The ex-Scotland manager still wonders what might have been…

Much like Norwich City, I’m on a decent run at the moment.

A few weeks back a call to Terry Skiverton about Jed Steer and Oli Johnson earned one news story and some lovely quotes from the Yeovil boss about the value of having Paul Lambert’s ear.

Next it was a call into ex-Scotland manager Craig Brown to get his thoughts on John Ruddy. The clamber for the City keeper to be in consideration for England was getting so loud, it seemed worth asking after the thoughts of his old boss at Motherwell.

Mr Brown was good enough to oblige on Ruddy – before telling me exactly how much the current City boss meant to his national team back in the days of 1992-2001.

Nine years is a fair time to be in charge of a national team – no one has managed anything like that at Hampden Park since – so Brown knows what he is talking about.

And when he says Lambert would have booked Scotland a Euro 2000 finals berth at England’s expense if it wasn’t for a broken jaw, he’s worth listening to.

“I’m going to say to you as an Englishman,” Brown told me.

“We played England in the Euro 2000 play-offs, when Paul Scholes scored two goals at Hampden – and had Paul Lambert not got hurt the previous week playing for Celtic against Rangers, I’m convinced Scholes would never have scored.

“Lambert would have been the man responsible for marking him.

“We lost 2-1 on aggregate, we won at Wembley but had lost at Hampden. Now, Paul got his face smashed – a broken jaw. It was an accidental collision, but it was an Old Firm game – the week before.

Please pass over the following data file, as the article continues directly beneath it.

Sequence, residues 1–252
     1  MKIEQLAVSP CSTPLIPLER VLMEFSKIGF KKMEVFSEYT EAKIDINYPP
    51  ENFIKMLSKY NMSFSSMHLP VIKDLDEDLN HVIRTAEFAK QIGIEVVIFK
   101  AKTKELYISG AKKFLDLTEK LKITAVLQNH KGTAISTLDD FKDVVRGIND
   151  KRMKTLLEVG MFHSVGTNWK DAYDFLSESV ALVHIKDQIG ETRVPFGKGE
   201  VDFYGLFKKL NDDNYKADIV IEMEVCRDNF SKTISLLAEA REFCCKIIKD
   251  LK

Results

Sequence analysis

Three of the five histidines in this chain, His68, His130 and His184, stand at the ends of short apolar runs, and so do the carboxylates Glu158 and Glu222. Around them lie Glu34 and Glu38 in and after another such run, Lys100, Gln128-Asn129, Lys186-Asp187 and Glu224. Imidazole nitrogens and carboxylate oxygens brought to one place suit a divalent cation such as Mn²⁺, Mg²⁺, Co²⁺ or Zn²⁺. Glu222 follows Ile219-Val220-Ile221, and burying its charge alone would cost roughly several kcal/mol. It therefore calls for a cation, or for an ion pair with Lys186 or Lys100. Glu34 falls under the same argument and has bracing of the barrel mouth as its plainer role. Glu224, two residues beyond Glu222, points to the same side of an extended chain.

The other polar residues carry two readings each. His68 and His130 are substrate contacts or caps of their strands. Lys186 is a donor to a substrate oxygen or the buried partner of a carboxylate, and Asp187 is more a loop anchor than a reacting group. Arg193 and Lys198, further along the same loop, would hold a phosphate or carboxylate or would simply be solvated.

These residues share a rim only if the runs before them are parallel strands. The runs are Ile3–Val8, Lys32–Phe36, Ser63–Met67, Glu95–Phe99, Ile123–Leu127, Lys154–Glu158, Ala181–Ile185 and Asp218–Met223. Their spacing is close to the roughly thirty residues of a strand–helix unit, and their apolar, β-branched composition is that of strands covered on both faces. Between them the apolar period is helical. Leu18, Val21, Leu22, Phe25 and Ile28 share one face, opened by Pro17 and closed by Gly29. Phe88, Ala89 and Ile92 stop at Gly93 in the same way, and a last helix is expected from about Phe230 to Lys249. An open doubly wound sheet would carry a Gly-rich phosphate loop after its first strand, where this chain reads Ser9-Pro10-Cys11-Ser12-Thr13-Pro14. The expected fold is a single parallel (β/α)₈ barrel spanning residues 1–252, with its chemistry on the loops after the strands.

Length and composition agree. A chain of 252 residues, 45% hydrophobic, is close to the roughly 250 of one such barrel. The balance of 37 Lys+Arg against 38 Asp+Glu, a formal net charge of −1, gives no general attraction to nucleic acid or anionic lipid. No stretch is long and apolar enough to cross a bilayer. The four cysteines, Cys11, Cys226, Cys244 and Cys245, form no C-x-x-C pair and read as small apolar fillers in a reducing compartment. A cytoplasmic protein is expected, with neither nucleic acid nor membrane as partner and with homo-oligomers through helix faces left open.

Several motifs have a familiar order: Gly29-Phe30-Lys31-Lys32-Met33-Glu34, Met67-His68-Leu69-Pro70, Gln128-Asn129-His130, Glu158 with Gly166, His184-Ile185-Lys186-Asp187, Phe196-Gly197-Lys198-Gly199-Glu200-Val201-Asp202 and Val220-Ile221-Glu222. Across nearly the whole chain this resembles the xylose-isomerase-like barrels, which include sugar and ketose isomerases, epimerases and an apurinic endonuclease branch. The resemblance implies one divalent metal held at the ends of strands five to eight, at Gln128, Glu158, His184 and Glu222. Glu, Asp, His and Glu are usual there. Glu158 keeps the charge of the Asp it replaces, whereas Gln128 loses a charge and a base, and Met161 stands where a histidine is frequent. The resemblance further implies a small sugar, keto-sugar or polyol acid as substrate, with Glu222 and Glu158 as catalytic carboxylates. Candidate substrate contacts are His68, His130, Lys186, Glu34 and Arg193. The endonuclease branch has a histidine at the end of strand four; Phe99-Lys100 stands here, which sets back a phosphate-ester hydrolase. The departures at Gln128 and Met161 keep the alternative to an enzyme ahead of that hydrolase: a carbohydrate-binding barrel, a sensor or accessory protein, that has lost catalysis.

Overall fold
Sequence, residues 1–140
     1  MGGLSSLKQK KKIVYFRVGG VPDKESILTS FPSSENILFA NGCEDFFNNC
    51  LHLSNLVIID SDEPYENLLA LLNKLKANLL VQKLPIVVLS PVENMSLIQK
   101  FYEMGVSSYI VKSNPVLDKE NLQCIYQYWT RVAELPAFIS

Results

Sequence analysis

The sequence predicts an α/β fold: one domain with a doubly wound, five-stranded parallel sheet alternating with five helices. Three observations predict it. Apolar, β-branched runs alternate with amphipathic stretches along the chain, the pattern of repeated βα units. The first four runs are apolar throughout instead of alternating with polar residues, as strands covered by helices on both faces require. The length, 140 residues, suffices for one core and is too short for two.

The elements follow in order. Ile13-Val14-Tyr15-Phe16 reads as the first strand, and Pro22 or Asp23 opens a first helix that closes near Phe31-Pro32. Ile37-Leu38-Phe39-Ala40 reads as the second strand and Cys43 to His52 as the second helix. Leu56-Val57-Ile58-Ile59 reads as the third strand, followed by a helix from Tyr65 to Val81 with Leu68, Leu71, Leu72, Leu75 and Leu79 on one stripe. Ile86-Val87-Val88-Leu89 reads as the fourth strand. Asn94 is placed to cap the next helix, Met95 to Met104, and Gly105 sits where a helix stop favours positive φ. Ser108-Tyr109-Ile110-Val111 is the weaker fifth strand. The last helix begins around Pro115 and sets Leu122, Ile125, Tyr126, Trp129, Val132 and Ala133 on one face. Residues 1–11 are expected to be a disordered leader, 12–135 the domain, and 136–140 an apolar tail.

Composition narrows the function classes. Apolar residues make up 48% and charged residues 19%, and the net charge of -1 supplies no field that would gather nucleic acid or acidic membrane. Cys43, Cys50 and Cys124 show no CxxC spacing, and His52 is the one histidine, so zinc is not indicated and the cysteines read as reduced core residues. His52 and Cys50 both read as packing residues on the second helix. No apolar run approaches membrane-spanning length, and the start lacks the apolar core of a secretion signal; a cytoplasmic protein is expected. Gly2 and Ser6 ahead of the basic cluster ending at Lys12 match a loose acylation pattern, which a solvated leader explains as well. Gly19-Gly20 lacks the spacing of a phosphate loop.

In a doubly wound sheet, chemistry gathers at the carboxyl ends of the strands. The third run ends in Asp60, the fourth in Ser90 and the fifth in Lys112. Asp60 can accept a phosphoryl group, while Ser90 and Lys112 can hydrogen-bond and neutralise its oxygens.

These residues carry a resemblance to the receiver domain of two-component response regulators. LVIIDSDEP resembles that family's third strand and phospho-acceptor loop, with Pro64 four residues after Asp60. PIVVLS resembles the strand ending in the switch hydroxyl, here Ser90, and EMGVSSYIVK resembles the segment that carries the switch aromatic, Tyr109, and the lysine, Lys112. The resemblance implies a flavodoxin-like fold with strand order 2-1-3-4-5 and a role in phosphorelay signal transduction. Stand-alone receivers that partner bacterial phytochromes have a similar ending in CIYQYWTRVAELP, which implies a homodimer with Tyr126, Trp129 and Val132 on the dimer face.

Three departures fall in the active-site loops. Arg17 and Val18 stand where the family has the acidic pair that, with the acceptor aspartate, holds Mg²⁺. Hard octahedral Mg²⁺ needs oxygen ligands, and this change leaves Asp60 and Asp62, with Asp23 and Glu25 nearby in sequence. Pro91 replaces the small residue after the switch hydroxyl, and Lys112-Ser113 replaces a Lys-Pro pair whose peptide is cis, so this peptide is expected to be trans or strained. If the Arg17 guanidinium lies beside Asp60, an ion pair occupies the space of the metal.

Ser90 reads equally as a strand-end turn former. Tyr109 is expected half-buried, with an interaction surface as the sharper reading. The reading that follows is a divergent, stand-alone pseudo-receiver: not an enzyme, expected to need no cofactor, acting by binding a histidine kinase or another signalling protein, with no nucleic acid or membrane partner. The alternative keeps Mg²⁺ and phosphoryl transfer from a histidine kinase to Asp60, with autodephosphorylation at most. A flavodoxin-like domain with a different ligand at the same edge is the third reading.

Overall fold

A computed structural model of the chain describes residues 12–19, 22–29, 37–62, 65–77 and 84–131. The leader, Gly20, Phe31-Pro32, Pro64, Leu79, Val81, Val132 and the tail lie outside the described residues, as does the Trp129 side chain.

“It wasn’t great of the authorities to play that game before we played England. It meant Paul couldn’t play at Hampden and he couldn’t play at Wembley either.

“He was our best player at that time, the best player in Scotland. He was at Celtic but was clearly an outstanding midfield player; he’d just won the Champions League the year before at Borussia Dortmund, then Celtic signed him.

“I was really upset both for Paul – and of course, a bit selfish, more upset for Scotland.”

Brown was obviously a big fan of Lambert the player. He made him a regular in his Under-21 outfit and then captain, before making the same commitment to him when taking over the full national side after seven years with the young Scots.

So what about Lambert the manager – one who started his learning curve with a tough job at Scottish side Livingston?

“I’m delighted for him,” said Brown, who is in regular contact with the City boss.

“You never know when a guy becomes a manager, but he’s been really successful in England and was very harshly dealt with at Livingston. He didn’t deserve what happened to him there.

“And it’s far harder to be successful as a manager in England than Scotland, it seems.

“As you can tell, I’ve got the highest possible regard for Paul Lambert.”

You’re not the only one, Craig.